The addition of Van Gogh exhibition just a few months ago, increased the value of the Germania Club. The show filled an upstairs ballroom once rented to a tenant who hosted weddings and other events there, but had struggled to pay rent.
Featuring massive screenings of Vincent Van Gogh’s paintings, the art exhibit generated buzz and sold-out crowds, as well as a new source of revenue for the building. Lighthouse Immersive, the Toronto-based producer of the Van Gogh exhibit, has signed a five-year lease for its space and plans further shows there after the show ends, stabilizing the property’s revenue stream.
Built in 1888 as a social club for German immigrants, the building at 108 W. Germania Place is listed on the National Register of Historic Places and is fully occupied, with other tenants including Lincoln Park Preschool and CorePower Yoga.
“The building is unique, the rental is unique,” said Danny Spitz, CEO and managing partner of Greenstone Partners, the Chicago-based brokerage firm that arranged the sale.
The property also offers a relatively safe investment with a steady return, a plus in a real estate market disrupted by the COVID-19 pandemic.
“After a year of ambiguity and fear, investors flocked to cash flow assets,” Spitz said.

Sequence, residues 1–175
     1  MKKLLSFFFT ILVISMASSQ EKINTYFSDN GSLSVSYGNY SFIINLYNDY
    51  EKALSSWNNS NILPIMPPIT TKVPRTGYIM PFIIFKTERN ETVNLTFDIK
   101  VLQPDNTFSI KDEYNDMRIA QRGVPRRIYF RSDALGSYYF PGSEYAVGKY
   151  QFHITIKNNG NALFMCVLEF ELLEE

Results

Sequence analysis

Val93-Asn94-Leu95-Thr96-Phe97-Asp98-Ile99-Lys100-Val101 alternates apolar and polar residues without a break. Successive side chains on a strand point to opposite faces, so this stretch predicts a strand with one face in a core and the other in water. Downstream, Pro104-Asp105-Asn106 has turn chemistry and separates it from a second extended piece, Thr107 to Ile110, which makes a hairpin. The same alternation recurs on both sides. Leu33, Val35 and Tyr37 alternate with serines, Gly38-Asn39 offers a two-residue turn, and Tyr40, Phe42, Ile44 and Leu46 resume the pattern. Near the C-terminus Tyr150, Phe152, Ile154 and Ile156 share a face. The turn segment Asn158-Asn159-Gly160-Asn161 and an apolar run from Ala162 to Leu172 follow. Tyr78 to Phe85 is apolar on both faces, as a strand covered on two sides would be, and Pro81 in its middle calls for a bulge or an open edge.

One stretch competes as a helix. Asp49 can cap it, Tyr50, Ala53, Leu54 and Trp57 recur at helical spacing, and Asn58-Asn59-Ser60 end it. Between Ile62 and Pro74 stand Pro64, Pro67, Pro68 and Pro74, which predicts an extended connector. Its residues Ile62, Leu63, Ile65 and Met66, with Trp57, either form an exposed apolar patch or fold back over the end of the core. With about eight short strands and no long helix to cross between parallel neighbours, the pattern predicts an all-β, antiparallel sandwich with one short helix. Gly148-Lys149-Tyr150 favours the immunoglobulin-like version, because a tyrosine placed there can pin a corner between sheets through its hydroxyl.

R2 CEO Matt Garrison said he was happy with the outcome, especially given how difficult it was to rent space during the pandemic. R2 had considered converting the Germania’s upper floors into creative offices, but changed their plans after contacting a broker for Lighthouse Immersive last year.
Now R2 is set to put another property up for sale, a 140,000 square foot former factory on Goose Island that it has converted into offices. The building at 1315 N. North Branch St. is 100% occupied, with tenants including CB2, Elite Staffing and Transportation One Logistics. R2 has hired Cushman & Wakefield to sell the building, which is expected to fetch more than $50 million, Garrison said.
R2 is also busy with a major redevelopment from the old Morton Salt Warehouse along the North Fork of the Chicago River. R2 and its partner, Chicago-based Blue Star Properties, are converting the building, known for its huge Morton Salt sign visible from the Kennedy Freeway, into a music and entertainment venue and research and development center for Morton Salt. Construction has begun, with an opening scheduled for next summer, Garrison said.